Capital Cafe (Restoran Capital) is my favorite breakfast place and has excellent Nasi Kerabu and Nasi Dagang. It is the one and only stall in the coffee shop which runs by a couple. The Nasi Kerabu is a blue herb rice mixed with different subtle Kelantanese curries with crunchy crackers. The Nasi Dagang is slightly different than what I had in Restoran Kopi White Coffee. Served with either chicken, beef, or fish curry, this traditional breakfast consists of steamed semi-glutinous rice, hard-boiled eggs, poached vegetables, “saman” (grated, toasted coconut with chili flakes), and “achar” (pickled vegetables).

Both of these delicious dishes bring great satisfaction to my tastebud and the price is cheap as well, costing an average of RM4.50.

The coffee shop itself also sells simple breakfast including popiah (fresh spring rolls), toast bread, and drinks. So if you are waiting for the stall to open, order some drinks and relax for a moment in this laid-back little city.

Opening hours: The coffee shop opens from Wednesday to Monday from 8 am to 1.30 pm. The stall opens later about 9 am until the food is sold out.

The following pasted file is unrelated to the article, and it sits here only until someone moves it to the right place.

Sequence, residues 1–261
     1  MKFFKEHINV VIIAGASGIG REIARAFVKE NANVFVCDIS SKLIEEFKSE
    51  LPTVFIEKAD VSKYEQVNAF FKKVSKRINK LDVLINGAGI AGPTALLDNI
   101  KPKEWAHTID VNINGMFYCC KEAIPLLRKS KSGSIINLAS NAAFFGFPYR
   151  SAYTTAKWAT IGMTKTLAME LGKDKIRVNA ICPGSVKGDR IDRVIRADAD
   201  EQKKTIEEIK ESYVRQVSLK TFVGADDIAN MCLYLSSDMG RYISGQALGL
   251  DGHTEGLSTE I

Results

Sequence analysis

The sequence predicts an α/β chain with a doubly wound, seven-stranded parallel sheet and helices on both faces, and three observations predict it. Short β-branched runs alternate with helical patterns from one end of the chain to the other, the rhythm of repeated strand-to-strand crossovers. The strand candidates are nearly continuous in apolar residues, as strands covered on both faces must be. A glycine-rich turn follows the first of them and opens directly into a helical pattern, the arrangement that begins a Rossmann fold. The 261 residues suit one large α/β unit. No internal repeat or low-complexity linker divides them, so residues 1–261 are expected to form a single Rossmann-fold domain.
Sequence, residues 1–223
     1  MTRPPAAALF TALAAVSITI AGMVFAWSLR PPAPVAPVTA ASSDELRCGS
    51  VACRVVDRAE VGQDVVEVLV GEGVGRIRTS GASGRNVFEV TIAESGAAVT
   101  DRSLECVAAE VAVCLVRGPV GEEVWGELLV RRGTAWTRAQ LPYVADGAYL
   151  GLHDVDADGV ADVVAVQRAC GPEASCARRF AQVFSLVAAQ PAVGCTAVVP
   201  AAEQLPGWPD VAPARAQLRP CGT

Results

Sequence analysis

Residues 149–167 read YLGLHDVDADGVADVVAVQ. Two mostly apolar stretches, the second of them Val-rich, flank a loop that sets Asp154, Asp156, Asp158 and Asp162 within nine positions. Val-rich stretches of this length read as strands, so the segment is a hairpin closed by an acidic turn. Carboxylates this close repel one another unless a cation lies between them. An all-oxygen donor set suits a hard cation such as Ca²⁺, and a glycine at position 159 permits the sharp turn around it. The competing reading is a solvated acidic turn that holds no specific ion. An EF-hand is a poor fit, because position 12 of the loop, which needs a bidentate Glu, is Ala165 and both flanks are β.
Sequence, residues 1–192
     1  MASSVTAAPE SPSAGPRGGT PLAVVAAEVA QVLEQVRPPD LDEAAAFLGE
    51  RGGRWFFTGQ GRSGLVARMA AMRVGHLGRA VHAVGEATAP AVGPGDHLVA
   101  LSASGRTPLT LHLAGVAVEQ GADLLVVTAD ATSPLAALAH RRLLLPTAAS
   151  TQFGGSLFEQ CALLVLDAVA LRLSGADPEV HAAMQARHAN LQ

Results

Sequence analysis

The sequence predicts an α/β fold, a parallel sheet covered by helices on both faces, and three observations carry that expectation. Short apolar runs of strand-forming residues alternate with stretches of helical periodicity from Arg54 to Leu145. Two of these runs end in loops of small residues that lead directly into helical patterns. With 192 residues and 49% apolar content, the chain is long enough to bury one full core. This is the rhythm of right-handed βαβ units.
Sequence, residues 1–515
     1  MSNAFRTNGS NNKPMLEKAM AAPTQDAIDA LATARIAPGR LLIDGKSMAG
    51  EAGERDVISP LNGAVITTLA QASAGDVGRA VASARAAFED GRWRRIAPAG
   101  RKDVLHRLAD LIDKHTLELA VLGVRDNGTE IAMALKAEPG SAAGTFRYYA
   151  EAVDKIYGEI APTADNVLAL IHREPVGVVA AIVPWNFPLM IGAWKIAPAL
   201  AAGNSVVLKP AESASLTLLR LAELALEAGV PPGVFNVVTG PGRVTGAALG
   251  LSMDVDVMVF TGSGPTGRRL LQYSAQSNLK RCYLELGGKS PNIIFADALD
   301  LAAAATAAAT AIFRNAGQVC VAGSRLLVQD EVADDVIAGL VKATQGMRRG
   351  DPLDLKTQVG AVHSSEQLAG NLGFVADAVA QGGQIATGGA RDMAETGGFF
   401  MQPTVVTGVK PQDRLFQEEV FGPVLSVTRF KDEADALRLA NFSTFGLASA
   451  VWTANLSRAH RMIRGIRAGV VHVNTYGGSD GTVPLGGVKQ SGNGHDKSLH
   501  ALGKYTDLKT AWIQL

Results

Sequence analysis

Wander through Siti Khadijah Market

This colorful Siti Khadijah Market is a fun and interesting place to explore and watch the traders in action. The market is named after the wife of Prophet Muhammad, who is known for her entrepreneurial skills. Hence, this market got its name and most of the stalls are run by women.

Roaming around the market feels like walking into a maze. You will watch vendors busily unpack and restock their freshly-caught seafood, poultry, vegetables, fruits, and daily products on the ground floor. What astounded me was the row of shops selling jewelry, but not sure if there are really genuine. The stalls on the second and third floor sell dried fruits, dairy products, processed food, sweets, souvenirs, toys, traditional Malay clothes, silk clothes, and batik.